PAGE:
Friday, December 9, 2016
For Immediate Release
The Museum Institute for Teaching Science, part of an active STEM community in Massachusetts
On November 1st, the Massachusetts STEM Advisory Council held its annual STEM Summit in Worcester. The summit brought together a unique audience, allowing industry representatives, informal educators, institutes of higher education, government officials, and classroom teachers to share a space and connect with each other. The Museum Institute for Teaching Science programs tap into the Massachusetts Regional STEM Networks, which have recently been redefined by the Massachusetts STEM Advisory Council, and the summit provided helpful information about the redistribution of regions and resources: http://www.mass.edu/stem/getinvolved/pipelinenetworks.asp.
The Museum Institute for Teaching Science (MITS) also hosted an exhibit space. Classroom educators, alumni of previous MITS programs, were available to talk with attendees about the MITS Summer Professional Development Institute experience and applications of inquiry-based learning to the classroom. Jason Welch of Holbrook Junior/Senior High School was accompanied by two of his students who were able to discuss how they built, tested and launched a SeaPerch remotely operated vehicle (ROV) to collect data in the field. MITS partners Rachel Stronach and Liz Moniz of The Lloyd Center for the Environment and Kathy Zagzebski of the National Marine Life Center illustrated how they involve teachers in using the science and engineering practices during Summer Professional Development Institutes. When they weren’t busy sharing photos, drawings and models from their classrooms to demonstrate their students’ engagement in inquiry-based learning, MITS’ invited educators to attended several workshop offerings geared towards helping teachers shift to the revised Massachusetts Science, Technology and Engineering standards or create new STEM opportunities in the classroom.
A few days later, MITS educators attended the Massachusetts Association of Science Teachers (MAST) 2016 Conference in Boxborough. Themed “Science in the World Around Us,” the conference focused on nurturing students’ sense of wonder, developing critical thinking and science literacy, and promoting investigation of natural phenomena. Sessions highlighted the increased rigor of curriculum implied by the 2016 Massachusetts Science, Technology & Engineering Standards. A series of sessions showcased the ongoing efforts of educators throughout the state to meet the revised Massachusetts Science, Technology and Engineering Standards.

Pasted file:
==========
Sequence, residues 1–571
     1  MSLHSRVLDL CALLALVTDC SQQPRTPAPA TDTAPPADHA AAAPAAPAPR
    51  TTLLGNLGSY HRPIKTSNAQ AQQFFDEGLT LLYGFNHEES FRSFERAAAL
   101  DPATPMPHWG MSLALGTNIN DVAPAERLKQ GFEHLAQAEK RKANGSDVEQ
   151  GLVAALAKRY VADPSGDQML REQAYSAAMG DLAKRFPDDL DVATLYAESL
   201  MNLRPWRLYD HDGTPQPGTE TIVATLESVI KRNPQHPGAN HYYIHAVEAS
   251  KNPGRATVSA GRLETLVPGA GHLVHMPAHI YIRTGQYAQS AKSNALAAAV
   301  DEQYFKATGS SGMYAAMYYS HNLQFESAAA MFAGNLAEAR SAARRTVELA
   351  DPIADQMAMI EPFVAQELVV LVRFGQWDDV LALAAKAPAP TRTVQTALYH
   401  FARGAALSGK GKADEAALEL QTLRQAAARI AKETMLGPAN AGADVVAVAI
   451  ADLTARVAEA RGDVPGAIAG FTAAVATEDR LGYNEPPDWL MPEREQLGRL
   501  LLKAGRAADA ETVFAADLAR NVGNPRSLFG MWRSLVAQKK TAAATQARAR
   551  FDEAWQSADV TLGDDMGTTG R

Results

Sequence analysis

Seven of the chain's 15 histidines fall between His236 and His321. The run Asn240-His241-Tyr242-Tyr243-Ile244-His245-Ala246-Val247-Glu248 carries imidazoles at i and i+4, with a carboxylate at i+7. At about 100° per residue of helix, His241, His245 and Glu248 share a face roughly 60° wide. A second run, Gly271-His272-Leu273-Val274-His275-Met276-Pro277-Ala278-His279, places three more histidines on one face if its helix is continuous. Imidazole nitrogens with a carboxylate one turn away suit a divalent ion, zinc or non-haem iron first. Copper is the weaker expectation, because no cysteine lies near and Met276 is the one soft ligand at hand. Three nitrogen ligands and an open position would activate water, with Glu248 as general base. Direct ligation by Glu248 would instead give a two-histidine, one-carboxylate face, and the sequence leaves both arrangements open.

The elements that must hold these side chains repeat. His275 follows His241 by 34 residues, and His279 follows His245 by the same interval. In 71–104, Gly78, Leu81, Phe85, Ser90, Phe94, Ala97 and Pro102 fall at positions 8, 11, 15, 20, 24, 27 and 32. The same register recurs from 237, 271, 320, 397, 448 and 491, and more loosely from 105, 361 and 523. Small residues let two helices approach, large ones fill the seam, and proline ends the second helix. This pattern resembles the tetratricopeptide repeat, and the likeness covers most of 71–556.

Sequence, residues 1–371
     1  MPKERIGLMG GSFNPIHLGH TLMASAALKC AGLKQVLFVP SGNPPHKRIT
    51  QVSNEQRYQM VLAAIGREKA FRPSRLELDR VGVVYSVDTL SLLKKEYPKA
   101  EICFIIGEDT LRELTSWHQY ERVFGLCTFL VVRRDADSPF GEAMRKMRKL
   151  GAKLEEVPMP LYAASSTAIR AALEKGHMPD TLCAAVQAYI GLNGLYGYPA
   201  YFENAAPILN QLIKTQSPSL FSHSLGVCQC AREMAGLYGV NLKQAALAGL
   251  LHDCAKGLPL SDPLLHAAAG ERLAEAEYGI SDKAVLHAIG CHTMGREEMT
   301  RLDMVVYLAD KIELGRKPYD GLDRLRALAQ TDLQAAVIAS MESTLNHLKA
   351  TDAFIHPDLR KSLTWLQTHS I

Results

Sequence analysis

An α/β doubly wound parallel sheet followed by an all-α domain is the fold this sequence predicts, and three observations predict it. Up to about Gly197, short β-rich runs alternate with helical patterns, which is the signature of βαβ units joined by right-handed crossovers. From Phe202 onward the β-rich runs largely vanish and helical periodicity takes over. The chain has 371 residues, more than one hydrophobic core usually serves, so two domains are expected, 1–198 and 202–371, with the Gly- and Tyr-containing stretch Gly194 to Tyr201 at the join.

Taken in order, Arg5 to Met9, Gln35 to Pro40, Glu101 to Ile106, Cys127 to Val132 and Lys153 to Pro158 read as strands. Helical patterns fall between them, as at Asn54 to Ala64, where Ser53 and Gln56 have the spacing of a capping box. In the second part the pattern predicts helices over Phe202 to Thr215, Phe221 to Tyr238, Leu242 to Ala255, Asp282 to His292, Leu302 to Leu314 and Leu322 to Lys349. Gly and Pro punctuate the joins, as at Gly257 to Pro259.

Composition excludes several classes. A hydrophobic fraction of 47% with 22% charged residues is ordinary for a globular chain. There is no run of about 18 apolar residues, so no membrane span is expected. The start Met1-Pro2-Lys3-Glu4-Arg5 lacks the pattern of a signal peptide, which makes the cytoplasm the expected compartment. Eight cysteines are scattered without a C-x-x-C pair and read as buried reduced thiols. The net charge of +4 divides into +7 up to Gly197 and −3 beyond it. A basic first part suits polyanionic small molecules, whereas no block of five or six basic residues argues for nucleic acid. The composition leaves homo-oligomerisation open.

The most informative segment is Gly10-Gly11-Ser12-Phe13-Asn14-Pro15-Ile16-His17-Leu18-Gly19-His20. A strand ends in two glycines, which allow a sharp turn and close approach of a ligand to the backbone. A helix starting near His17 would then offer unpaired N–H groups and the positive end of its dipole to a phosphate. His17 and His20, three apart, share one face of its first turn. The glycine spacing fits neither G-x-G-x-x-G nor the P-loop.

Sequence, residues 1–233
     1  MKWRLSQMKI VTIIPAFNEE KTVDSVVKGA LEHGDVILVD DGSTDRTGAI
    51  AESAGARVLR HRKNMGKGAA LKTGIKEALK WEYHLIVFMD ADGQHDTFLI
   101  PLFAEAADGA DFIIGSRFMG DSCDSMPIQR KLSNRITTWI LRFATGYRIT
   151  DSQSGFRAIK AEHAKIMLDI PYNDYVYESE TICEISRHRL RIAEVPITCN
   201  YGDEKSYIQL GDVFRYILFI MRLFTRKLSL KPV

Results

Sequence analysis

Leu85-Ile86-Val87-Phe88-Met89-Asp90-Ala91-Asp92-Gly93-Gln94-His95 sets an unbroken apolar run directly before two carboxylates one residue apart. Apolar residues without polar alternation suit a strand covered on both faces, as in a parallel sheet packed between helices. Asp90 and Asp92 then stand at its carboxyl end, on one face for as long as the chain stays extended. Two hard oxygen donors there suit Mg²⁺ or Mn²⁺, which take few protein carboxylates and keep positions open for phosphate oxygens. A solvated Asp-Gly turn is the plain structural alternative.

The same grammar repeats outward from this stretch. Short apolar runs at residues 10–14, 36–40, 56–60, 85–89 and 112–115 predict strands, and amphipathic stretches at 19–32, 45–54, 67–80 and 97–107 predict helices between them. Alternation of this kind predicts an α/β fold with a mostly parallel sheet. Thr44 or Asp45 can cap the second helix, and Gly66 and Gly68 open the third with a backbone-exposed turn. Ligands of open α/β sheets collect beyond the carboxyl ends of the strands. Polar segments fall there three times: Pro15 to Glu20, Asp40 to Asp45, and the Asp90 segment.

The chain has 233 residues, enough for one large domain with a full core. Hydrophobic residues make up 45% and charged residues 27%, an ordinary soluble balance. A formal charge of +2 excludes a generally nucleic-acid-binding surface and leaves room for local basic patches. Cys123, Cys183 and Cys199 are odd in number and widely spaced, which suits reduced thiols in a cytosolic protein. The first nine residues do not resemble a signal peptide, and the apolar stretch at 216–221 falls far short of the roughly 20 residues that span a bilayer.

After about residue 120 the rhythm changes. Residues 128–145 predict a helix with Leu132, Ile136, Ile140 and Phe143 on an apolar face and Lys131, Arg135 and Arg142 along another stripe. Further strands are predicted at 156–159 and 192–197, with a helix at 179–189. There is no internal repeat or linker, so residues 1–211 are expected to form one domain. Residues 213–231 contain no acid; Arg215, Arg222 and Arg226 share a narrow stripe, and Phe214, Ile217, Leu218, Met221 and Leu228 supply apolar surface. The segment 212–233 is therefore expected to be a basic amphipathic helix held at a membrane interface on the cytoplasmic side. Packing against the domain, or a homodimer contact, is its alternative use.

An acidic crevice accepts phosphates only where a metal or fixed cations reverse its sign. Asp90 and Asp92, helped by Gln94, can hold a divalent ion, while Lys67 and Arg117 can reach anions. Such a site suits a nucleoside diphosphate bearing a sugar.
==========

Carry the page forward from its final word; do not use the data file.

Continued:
To kick off the conference, keynote speaker Page Keeley provided attendees with ideas for formative assessment and challenged participants to answer some of her “probes” themselves. After polling the audience of educators about their background knowledge of science concepts, Keeley explained how student misconceptions are formed.
Sessions throughout the conference featured MITS connections. Educators from MITS partner institutions like Harvard Forest and Mass Audubon encouraged attendees to take kids outside and keep investigation local. MITS alum Jacey Vaughan of Everett School District, recipient of the 2014 Elaine Adams Professional Development Award, offered a session entitled “Learning to Implement Inquiry Levels in the Classroom.” During the session, she she told the story of her MITS Summer Professional Development Institute experience, and talked about the importance of MITS’ program in helping her to develop and apply the knowledge and skills required for inquiry-based learning.
An early Friday morning session led by MITS educators provided a platform for alums of other MITS programs, including Customized School Services and Summer Professional Development Institutes, to share their experiences. Kristina Woods and Celeste Cruse from Lawrence School in Falmouth talked about an investigation they created collaboratively called, “March Across Time from the Birth of the Earth to our Cape Cod Backyard.” Carrie Flagg of Norton Middle School (Westfield, MA) participated in multiple MITS summer institutes with colleagues from her school, and talked about how she and her colleagues were able to work as a team to bring curriculum changes to their classrooms. Susan Sweeney of Barnstable Intermediate School showcased her use of resources from MITS courses to start making small shifts toward guided inquiry in her classroom. Laura Smith of Mansfield Public School discussed the inclusion of inquiry-based activities in her earth science curriculum, and identified the positive impact these additions have had on student learning.
The Museum Institute for Teaching Science specializes in providing hands-on, minds-on, inquiry-based STEM professional development for formal and informal educators. For more information, visit www.mits.org or call 617-328-1515.